The rising incidence of PPNG strains and the increasing number of isolates with a high-level resistance to penicillin should lead us to suggest that a prompt confirmatory culture for isolation of PPNG organisms and a sensitivity test to antibiotics are elementary.1,2 When a case with sexual contact history is suspected of being a hyperacute purulent conjunctivitis or bacterial conjunctivitis refractory to primary antibiotic eye drops, a prompt confirmatory culture for isolation of gonococcal organisms and earlier parenteral antibiotic treatment are mandatory.
Kestelyn P, Bogaerts J, Stevens AM, Piot P, Meheus A . Treatment of adult gonococcal keratoconjunctivitis with oral norfloxacin. Am J Ophthalmol 1989; 108: 516–523
Rothenberg R, Voigt R . Epidemiologic aspects of the control of penicillinase-producing Neisseri gonorrhoeae. Sex Transm Dis 1988; 15: 211–216
Wan WL, Farkas GC, May WN, Robin JB . The clinical characteristics and course of adult gonococcal conjunctivitis. Am J Ophthalmol 1986; 102: 575–583
Centers for Disease Control. 1985 STD Treatment Guidelines. MMWR 1985; 34: 85S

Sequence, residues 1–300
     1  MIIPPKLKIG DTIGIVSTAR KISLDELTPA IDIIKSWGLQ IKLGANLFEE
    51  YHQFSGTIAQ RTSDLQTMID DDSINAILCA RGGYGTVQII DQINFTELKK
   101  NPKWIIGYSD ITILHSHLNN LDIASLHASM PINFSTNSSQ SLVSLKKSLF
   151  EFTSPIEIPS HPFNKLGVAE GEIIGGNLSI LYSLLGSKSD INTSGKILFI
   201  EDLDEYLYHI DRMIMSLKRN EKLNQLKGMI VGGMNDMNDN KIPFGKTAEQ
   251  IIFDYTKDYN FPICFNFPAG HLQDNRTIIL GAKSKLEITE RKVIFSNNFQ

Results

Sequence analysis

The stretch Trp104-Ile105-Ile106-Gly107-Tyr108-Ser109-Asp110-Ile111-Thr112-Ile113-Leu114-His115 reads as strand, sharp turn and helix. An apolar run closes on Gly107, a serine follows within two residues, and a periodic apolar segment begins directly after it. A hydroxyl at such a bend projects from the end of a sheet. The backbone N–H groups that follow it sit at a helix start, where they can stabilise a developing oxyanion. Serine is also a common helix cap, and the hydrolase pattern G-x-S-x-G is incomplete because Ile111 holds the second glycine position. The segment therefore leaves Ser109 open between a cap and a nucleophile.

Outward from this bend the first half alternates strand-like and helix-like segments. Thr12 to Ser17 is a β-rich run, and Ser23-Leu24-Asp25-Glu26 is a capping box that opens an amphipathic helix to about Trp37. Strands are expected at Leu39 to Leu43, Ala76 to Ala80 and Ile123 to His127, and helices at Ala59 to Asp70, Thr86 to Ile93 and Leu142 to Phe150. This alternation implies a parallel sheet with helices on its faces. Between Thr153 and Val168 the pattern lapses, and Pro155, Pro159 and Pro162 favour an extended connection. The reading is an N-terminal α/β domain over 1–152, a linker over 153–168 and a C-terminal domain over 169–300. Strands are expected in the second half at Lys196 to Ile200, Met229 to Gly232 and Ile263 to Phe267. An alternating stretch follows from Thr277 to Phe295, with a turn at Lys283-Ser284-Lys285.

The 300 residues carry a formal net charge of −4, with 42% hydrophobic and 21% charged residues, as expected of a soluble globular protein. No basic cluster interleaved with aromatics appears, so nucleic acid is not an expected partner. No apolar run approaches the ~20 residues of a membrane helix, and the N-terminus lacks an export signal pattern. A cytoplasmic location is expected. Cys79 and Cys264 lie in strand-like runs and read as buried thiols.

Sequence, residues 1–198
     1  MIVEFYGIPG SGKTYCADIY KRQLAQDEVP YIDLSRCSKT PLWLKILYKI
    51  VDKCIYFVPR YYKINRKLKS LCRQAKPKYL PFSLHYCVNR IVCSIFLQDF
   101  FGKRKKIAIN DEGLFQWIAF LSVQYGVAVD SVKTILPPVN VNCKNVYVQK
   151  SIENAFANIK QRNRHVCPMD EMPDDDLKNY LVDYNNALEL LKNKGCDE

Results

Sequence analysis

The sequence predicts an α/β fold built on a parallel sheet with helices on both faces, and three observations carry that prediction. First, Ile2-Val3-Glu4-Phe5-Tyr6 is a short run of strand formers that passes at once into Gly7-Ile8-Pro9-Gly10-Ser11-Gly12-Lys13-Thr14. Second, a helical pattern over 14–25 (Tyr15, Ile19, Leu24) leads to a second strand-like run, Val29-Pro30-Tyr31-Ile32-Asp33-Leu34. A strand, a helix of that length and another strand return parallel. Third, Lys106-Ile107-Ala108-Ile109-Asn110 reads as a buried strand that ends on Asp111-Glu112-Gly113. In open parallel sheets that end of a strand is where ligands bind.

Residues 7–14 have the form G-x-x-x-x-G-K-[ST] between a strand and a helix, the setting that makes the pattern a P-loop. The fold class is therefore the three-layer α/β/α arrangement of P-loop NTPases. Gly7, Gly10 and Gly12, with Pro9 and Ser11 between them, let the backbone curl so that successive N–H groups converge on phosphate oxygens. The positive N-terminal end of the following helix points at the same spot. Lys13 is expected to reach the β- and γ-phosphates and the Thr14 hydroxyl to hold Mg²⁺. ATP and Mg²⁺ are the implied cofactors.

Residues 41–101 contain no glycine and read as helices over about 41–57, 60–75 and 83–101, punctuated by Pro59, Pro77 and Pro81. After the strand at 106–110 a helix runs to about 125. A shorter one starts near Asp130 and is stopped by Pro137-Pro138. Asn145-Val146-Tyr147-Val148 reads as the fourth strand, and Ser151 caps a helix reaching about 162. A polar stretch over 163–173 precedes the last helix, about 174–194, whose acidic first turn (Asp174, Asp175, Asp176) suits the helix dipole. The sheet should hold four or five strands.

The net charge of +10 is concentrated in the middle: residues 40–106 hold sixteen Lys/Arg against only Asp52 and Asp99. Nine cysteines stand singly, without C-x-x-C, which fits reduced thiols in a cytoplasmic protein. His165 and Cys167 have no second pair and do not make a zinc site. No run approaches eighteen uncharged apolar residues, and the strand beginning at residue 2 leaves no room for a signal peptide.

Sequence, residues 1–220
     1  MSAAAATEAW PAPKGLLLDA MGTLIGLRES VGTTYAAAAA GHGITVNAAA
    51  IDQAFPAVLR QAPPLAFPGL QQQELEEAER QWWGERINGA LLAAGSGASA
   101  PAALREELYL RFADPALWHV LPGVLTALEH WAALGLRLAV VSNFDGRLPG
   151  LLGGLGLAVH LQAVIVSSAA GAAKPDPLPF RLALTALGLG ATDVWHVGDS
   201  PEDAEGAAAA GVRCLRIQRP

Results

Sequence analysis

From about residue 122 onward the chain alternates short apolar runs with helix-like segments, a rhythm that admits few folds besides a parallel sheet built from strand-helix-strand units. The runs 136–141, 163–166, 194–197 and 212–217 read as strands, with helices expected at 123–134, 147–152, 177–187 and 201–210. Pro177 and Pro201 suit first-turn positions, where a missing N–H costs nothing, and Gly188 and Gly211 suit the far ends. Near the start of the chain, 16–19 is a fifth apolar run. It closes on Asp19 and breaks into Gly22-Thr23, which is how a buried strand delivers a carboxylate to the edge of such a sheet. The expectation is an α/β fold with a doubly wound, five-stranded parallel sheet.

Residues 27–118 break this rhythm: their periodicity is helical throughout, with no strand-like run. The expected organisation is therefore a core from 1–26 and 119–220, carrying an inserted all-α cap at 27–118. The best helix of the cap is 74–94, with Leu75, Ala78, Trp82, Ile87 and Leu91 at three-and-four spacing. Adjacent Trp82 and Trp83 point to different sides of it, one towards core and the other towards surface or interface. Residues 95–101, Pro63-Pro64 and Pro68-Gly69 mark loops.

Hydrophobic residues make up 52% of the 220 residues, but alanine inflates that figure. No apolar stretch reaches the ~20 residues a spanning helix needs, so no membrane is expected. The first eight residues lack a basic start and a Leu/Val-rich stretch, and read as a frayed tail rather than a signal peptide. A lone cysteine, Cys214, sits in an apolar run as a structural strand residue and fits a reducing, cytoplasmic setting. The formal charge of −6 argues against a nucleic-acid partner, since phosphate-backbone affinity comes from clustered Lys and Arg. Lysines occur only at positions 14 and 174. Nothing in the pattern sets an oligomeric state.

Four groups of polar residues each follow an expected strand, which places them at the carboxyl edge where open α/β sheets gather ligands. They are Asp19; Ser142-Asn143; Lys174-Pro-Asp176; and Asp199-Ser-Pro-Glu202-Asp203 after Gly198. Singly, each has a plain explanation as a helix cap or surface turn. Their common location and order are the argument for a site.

Centers for Disease Control. 1987 Antibiotic-resistant strains of Neisseria gonorrhoeae. Policy guidelines for detection, management, and control. MMWR 1987; 36: 244
World Health Organisation. Surveillance of beta-lactamase-producing N. gonorrhoeae (PPNG). Weekly Epidem Rec 1983; 2: 5–7
Los Angeles Country Department of Health Services. Penicillinase-producing Neisseria gonorrhoeae in Los Angeles Country. Public Health Lett 1986; 7: 47
Haimovici R, Roussel TJ . Treatment of gonococcal conjunctivitis with single-dose intramuscular ceftriaxone. Am J Ophthalmol 1989; 107: 511–514
WHO. Current treatments in the control of sexually transmitted diseases. Report of a Consultative Group. World Health Organization: Geneva, WHO/VDT 1983; 83: 433
Ullman S, Roussel TJ, Forster RK . Gonococcal keratoconjunctivitis. Surv Ophthalmol 1987; 32: 199
Burns FR, Stack MS, Gray RD, Paterson CA . Inhibition of purified collagenase from alkai-burned rabbit corneas. Invest Ophthalmol Vis Sci 1989; 30: 1569–1575
Gann PH, Hermann JE, Candib L, Hudson RW . Accuracy of chlamydia trachomatis antigen detection methods in a low-prevalence population in a primary care setting. J Clin Microbiol 1990; 28: 1580–1585
About this article
Cite this article
Lee, J., Choi, H., Lee, J. et al. Gonococcal keratoconjunctivitis in adults. Eye 16, 646–649 (2002). https://doi.org/10.1038/sj.eye.6700112
This article is cited by
Five-year review of ocular Neisseria gonorrhoeae infections presenting to ophthalmology departments in Greater Glasgow & Clyde, Scotland
Nature Reviews Urology (2022)
Nature Reviews Microbiology (2018)
International Ophthalmology (2015)